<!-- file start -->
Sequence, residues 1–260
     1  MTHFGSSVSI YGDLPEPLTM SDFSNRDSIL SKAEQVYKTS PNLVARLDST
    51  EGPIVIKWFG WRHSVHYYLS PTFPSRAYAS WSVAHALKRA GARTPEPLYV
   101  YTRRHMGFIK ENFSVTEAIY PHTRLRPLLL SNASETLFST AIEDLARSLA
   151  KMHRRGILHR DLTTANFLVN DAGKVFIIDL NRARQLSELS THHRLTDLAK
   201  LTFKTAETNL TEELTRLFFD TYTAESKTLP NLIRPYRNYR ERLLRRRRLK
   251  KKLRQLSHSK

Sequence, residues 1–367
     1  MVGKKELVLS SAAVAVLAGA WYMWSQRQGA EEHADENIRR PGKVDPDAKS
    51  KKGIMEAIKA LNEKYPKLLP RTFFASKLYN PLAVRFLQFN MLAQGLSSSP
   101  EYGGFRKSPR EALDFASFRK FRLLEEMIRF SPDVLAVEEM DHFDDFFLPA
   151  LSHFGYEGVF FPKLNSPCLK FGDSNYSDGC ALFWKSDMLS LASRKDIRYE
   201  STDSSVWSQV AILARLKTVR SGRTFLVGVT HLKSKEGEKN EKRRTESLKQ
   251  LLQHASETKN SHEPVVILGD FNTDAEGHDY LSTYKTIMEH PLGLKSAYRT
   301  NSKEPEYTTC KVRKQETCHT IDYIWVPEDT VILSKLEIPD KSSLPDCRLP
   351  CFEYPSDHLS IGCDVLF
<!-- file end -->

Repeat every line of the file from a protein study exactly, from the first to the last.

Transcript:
Sequence, residues 1–260
     1  MTHFGSSVSI YGDLPEPLTM SDFSNRDSIL SKAEQVYKTS PNLVARLDST
    51  EGPIVIKWFG WRHSVHYYLS PTFPSRAYAS WSVAHALKRA GARTPEPLYV
   101  YTRRHMGFIK ENFSVTEAIY PHTRLRPLLL SNASETLFST AIEDLARSLA
   151  KMHRRGILHR DLTTANFLVN DAGKVFIIDL NRARQLSELS THHRLTDLAK
   201  LTFKTAETNL TEELTRLFFD TYTAESKTLP NLIRPYRNYR ERLLRRRRLK
   251  KKLRQLSHSK

Sequence, residues 1–367
     1  MVGKKELVLS SAAVAVLAGA WYMWSQRQGA EEHADENIRR PGKVDPDAKS
    51  KKGIMEAIKA LNEKYPKLLP RTFFASKLYN PLAVRFLQFN MLAQGLSSSP
   101  EYGGFRKSPR EALDFASFRK FRLLEEMIRF SPDVLAVEEM DHFDDFFLPA
   151  LSHFGYEGVF FPKLNSPCLK FGDSNYSDGC ALFWKSDMLS LASRKDIRYE
   201  STDSSVWSQV AILARLKTVR SGRTFLVGVT HLKSKEGEKN EKRRTESLKQ
   251  LLQHASETKN SHEPVVILGD FNTDAEGHDY LSTYKTIMEH PLGLKSAYRT
   301  NSKEPEYTTC KVRKQETCHT IDYIWVPEDT VILSKLEIPD KSSLPDCRLP
   351  CFEYPSDHLS IGCDVLF